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Activision triumphs in ModernWarfare3.com dispute

Publishers win court case against Anthony Abraham

Call Of Duty publisher Activision has won its court case against ModernWarfare3.com owner Anthony Abraham.

Miami resident Abraham bought the domain in July and used it to redirect visitors to the webpage of rival EA shooter Battlefield 3, and a comedy video referencing Modern Warfare 3.

According to legal documents obtained by Fusible, Activision filed a domain name dispute with the National Arbitration Forum on July 15.

"It appears that the Respondent supports the game Battlefield from the game developer Electronic Arts ("EA")," read the complaint.

" EA is one of Complainant's principal competitors in the video game industry, and Battlefield game competes in the marketplace with Complainant's MODERN WARFARE games and its other military-themed shooter games in the CALL OF DUTY series."

The three member panel deciding the case were not convinced by Abraham's defence, that Modern Warfare was a generic term.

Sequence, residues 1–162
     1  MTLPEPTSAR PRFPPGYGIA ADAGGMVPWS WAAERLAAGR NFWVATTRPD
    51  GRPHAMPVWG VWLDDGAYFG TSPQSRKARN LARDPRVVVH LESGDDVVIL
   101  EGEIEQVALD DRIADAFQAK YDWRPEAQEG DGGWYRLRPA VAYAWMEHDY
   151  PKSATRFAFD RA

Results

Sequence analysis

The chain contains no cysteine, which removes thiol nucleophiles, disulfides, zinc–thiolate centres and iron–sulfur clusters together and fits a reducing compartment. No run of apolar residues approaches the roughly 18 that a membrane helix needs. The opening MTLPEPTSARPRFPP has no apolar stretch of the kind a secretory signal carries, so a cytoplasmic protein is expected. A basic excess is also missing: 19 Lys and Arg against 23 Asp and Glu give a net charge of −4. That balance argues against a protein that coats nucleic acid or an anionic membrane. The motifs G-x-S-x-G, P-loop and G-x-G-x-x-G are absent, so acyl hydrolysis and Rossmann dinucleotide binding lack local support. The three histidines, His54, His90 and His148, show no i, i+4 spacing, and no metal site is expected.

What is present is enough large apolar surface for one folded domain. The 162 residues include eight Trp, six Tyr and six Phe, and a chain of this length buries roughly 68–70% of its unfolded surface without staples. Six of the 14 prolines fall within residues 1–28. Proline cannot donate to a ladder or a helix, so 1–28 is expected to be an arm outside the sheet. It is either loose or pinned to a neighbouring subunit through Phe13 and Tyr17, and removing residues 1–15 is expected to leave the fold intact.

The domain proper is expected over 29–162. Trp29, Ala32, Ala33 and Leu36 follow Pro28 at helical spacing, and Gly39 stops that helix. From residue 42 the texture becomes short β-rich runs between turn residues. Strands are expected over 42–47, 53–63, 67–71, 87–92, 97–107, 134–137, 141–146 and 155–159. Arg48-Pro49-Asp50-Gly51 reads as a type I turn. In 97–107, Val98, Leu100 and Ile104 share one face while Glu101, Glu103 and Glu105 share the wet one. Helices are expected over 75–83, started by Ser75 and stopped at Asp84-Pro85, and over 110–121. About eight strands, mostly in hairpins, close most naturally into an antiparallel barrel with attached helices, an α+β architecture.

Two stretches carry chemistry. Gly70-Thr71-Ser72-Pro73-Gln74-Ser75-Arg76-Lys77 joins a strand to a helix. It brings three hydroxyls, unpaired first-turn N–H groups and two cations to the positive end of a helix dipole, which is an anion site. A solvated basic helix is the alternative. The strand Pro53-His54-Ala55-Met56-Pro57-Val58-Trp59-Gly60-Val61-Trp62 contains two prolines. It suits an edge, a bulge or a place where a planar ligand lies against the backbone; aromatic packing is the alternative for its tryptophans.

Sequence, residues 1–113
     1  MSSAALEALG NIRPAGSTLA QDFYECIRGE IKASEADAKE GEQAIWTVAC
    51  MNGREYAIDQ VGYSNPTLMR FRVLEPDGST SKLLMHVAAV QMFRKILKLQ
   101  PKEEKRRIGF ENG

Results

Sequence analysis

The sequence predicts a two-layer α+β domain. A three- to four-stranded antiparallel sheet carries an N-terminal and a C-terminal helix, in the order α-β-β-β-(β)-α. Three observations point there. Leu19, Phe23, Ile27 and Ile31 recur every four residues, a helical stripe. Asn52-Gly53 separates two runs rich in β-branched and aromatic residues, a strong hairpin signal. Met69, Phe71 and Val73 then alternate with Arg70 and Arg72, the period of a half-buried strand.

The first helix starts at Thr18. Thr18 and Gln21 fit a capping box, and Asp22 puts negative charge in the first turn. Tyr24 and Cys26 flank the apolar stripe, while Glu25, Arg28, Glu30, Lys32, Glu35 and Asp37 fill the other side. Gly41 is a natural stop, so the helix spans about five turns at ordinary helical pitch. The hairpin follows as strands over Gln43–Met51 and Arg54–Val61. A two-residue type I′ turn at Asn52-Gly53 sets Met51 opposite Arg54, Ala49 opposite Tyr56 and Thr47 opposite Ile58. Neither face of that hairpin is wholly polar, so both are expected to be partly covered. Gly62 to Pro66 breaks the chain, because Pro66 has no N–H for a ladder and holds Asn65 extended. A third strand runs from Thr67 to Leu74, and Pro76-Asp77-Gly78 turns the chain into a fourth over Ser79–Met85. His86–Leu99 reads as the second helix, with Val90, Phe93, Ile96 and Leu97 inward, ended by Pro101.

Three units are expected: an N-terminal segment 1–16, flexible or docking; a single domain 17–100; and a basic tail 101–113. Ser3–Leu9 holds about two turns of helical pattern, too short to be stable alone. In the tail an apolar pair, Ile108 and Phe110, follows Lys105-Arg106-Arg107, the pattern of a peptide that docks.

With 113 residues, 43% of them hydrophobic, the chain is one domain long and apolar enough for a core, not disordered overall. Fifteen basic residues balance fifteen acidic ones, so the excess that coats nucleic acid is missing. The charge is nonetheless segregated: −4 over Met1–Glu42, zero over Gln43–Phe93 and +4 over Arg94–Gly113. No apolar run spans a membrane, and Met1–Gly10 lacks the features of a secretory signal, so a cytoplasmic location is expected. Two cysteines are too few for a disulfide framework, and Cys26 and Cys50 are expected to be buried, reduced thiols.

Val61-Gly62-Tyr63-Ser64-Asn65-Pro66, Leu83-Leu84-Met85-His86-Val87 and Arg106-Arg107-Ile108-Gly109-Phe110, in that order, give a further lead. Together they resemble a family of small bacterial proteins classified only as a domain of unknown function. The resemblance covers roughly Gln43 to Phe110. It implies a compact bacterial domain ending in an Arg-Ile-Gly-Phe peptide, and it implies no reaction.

The complaint cost Activision just $2600 to file.

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Latest comments (4)

Cody Pike Studying Electrical Engineering, Alabama University5 years ago
Next thing you know, Activision's legal team will be bringing lawsuits against the producers of documentaries, because they have precedent that they 'own' the words 'Modern Warfare'...
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Andrew Jakobs Lead Programmer 5 years ago
@Cody Pike: There is a big difference in using 'Modern Warfare' for a real 'militairy' site or using it for linking to a rival game, and in this case it was blatantly obvious the guy bought it to spite activision.. So I must agree with the judge..
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Andrew Clayton QA Weapons Tester, Electronic Arts5 years ago
Cody, not the same thing. This guy sat on the domain just to stick it to Activision. Whenever we think of "Modern Warfare 3", we don't think of some vague concept, we think of a specific thing.

Copyrighting the title Modern Warfare is not the same thing as copyrighting something like "Edge".
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Tommy Thompson Studying Artificial Intelligence (PhD), University of Strathclyde5 years ago
Whatever your feelings on Activision, they are legally entitled to take action here. It is clear that the term 'modern warfare' is being used in the context of their game. Part of their dispute required that they give sufficient evidence to justify the relevance of Abrahams domain name to their product. That, combined with the fact this is a clear case of defamation (which isn't covered by the First Amendements freedom of speech) justifies their legal victory.
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